Where were we? In the heat of Malaysia, with Fabio Quartararo on top, and we will resume proceedings again today in Qatar, for the final three days of testing before the start of the season. Winter is getting increasingly shorter for MotoGP and the riders and teams have to make the most of the time available.
The testing days are always a world apart, where the classification does not always tell the whole truth. As happened in Sepang where, despite the best time of the Frenchman, most of the grid reckoned that the fastest riders were Rins (3rd) and above all Vinales, who was classified mid-field. Outright performance in testing counts for little, even more so when there are 19 riders spread over eight-tenths of a second as happened in Malaysia, because it is the pace that is important.
Vinales and Rins, watch out for those two
So, let's start with Maverick. The Spaniard did not produce many sparks at Sepang, but in his tests there was a lot of substance and the fact that he consistently lapped under the two-minute mark proves it. His real show of strength was an (almost) race simulation of 17 laps with 13 of them in 1’59". Aside from one unusually high lap (close to 2’01"), Vinales hammered away with minimal differences between one lap and the next. That's why he was reckoned to be the best by his colleagues. Just take look at his lap-by-lap times…
His Suzuki compatriot was similar, even though he didn’t go out on any long runs. Rins made two long runs of 7 laps each and never went above 2 minutes, but there is an even more interesting figure. In the 42 laps completed on the third day of testing, excluding his out and in laps, Alex didn’t lap under 2 minutes only twice, while three times he was inside the 1’58 mark.
Quartararo, from this point of view, was unable to keep up with the two Spaniards. In his 12-lap long run, Fabio completed 6 in 1’59"and just as many in 2’00", a few tenths down on the pace of the top guys. Valentino Rossi was not at the level of his teammate, but any evaluation of the Doctor’s performance is complicated by the fact that he only went out on short runs of just 3 laps each. Neither did Morbidelli do any long runs, but his times are in line with those of teammate Quartararo.
Marquez and Ducati 'sent back' to Qatar
So far it is clear that the 4-cylinder in-line Yamaha and Suzuki have made all the difference, thanks also to the new Michelin tyres that seem to adapt particularly well to their characteristics. What about the V4s? For Honda the balance is complicated by Marc's physical condition, as he is still recovering from his shoulder operation at the end of the year, so much so that in Sepang he crashed due to fatigue at the end of the day.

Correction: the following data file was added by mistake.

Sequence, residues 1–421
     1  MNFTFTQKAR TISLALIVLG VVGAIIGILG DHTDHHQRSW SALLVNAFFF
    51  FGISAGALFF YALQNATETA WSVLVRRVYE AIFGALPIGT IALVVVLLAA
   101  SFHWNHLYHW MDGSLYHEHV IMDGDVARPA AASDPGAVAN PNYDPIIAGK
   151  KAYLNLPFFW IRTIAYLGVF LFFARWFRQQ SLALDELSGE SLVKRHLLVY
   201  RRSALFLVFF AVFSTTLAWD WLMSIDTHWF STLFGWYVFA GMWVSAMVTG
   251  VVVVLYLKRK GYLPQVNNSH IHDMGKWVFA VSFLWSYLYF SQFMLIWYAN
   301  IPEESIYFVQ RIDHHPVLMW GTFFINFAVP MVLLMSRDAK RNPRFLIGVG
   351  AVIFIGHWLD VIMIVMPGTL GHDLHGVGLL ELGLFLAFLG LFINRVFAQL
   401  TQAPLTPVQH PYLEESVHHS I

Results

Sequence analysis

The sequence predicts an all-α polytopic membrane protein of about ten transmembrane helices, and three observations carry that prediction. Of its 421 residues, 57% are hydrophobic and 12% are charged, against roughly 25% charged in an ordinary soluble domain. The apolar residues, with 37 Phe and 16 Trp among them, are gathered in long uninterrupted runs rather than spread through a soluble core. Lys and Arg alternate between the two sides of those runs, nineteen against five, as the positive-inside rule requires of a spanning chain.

Marquez, however, never gives up and, irrespective of his physical shape, it cannot be said that he went slow. It was difficult, however, to evaluate him over distance, especially when he himself said he still could not manage to complete a race. You can take a look at Crutchlow's pace, but he made very short exits and was quite inconsistent, alternating fast exits with others where he was slower. It is difficult to obtain further indications from Alex Marquez who is a rookie.
As for Ducati, the only rider to have made an almost complete simulation (18 laps) was Pecco Bagnaia. The Pramac man wanted to test out his physical condition, having skipped the end of year tests due to his accident in Valencia, and he went on the track in the hottest hours of the day. The times were not exceptional with a pace around the low 2'01" mark.
Certainly, Dovizioso did better in a 10-lap long run in tandem with Petrucci, in order to understand how the tyres behaved when following another rider. Andrea dropped six times below 2'00", a good pace but not at the best level. Danilo Petrucci was also virtually in line with his teammate, while Miller didn’t make any long exits and in any case his pace was still higher than that of the factory riders.
The surprise was Aprilia with Aleix Espargarò
The men from Noale worked well with the new RS-GP and this was confirmed by the pace set by Aleix Espargarò. The Spaniard, galvanized by the 2020 bike, said on the last day of testing that he had "podium pace". These weren't just idle words, because the timesheets proved him right.
Aleix completed 13 laps, with 11 under the 2'00" mark, and with minimum differences between one lap and the next, give or take one tenth. This demonstrates that the new Aprilia is not only fast but also consistent. Of course, one swallow does not make a summer, but as it was the first long run of a bike that had made its debut on the track just a few days before, the results are more than encouraging.
Finally, the KTMs, which also seemed to make a decisive step forward. Pol Espargarò did a few laps on the last day of testing, but almost always went easily under the two-minute mark.
What will Qatar bring us? We will find out soon and you can follow the three days of testing live on GPOne.